Buying a Tesla is a monumental moment for many people, but one thing that might sap all of the excitement out of the experience is being charged twice for your car. According to CNBC, a number of consumers were shocked to find that they were double-charged for their purchases last week, having tens of thousands of dollars unexpectedly withdrawn from their bank accounts without any warning or attempts at authorization.

The CNBC report cites five Tesla customers — three of which shared their stories — who were charged twice for their Teslas, and the news site says that it reviewed motor vehicle purchase agreements, correspondences between Tesla and the customers, and bank statements to confirm each of their stories.

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Tom Slattery, the first of the three customers that told their stories to CNBC, says that he and his family were thrilled to receive a text on March 24th letting them know that the Tesla they ordered in January was ready to be delivered to their home in one to three days. Tesla has a new contactless method for delivery in light of the pandemic, and all that was left for Slattery to do to initiate the process to receive his Tesla Model Y was upload proof of insurance, provide driver’s licenses for the titleholders, and choose a payment method.

Slattery added his bank account and routing numbers, authorized the transfer, and went to bed. The next morning, he checked his bank account and discovered that an additional $53,000 had been withdrawn from his account in addition to the $53,000 he had authorized Tesla to charge him for his Tesla Model Y.

Slattery tells CNBC that he called and texted Tesla immediately, and then alternated between not being able to get through at all and being given the run-around by those he was able to get in touch with. Eventually, he drove to the Tesla retail store in Burbank, California, and tried to explain the situation to the people working there. He was told to call his bank and have them reverse the charge. Five days later, Slattery still didn’t have a refund and had yet to get any commitment from Tesla that he would be getting his money back.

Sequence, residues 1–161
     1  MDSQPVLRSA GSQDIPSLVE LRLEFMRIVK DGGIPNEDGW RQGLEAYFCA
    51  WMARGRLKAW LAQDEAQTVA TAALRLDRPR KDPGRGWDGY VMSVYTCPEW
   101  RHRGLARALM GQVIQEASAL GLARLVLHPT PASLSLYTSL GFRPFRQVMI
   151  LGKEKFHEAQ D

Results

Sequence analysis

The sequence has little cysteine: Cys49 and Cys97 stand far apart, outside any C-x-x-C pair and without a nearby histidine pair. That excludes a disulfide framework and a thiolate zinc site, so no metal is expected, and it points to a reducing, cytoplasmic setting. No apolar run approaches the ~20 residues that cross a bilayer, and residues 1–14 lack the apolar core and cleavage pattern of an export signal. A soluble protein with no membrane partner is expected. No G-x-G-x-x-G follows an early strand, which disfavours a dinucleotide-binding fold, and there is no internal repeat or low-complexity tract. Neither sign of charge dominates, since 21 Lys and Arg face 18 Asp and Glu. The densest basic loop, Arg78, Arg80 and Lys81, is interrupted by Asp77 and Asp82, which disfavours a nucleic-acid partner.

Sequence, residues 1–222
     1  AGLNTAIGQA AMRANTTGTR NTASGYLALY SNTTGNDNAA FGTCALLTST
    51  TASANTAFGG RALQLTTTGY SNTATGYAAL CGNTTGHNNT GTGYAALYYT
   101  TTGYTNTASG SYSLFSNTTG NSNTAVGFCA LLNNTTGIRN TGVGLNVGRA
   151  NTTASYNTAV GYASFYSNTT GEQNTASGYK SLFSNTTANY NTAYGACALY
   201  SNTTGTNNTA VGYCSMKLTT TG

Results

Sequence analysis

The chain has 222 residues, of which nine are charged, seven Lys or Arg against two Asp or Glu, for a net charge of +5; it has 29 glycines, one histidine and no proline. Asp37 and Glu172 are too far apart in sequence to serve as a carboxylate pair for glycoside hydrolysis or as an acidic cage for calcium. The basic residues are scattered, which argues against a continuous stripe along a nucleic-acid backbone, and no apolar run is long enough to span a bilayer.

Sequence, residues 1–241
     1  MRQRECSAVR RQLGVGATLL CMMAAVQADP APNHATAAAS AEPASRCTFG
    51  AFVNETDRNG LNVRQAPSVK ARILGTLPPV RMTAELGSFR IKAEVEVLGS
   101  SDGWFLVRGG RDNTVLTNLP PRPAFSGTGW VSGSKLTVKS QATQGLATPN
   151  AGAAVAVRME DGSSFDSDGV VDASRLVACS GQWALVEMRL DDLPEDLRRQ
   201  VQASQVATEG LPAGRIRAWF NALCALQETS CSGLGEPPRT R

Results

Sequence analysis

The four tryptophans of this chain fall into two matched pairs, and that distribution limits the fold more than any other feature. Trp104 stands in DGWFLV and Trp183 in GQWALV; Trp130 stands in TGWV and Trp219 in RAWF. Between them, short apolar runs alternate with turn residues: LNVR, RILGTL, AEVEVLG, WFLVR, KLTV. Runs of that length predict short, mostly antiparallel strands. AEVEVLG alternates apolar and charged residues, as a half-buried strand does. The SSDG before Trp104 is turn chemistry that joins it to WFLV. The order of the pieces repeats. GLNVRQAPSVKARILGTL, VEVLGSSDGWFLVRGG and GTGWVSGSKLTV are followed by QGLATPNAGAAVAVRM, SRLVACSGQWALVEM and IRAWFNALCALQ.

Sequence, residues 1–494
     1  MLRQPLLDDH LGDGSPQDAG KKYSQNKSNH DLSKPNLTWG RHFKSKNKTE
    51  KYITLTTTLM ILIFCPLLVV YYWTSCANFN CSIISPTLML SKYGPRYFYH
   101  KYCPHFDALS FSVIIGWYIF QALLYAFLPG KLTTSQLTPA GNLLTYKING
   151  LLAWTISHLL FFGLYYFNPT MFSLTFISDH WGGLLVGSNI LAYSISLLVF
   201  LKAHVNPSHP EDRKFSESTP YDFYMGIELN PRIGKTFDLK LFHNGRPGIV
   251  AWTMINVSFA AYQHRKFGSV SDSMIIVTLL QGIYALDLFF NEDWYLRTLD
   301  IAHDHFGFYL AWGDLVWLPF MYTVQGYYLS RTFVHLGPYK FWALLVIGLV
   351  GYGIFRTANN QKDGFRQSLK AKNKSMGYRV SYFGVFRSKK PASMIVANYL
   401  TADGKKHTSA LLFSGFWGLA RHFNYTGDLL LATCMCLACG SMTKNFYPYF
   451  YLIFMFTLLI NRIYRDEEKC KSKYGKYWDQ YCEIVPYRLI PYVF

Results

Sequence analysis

Los Angeles resident Clark Peterson had a similar experience when calling Tesla about his own duplicate charge:

He told me to call the bank and stop payment on that. I said the money has left my account. I’m pretty familiar with the way wire transfers work. When the money’s gone the money’s gone! He was insistent I should call my bank. So I did. They confirmed like no, the money is in Tesla’s account now. We cannot do anything about that until we hear from them.

The double charges are one thing, but the fact that Tesla is seemingly stealing money from its customers and refusing to even hear them out when they call to complain is truly astounding. Christopher T. Lee (who goes by “Everyday Chris” on YouTube) actually filmed an entire video about it when the same thing happened to him:

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Jacob started covering video games and technology in college as a hobby, but it quickly became clear to him that this was what he wanted to do for a living. He currently resides in New York writing for BGR. His previously published work can be found on TechHive, VentureBeat and Game Rant.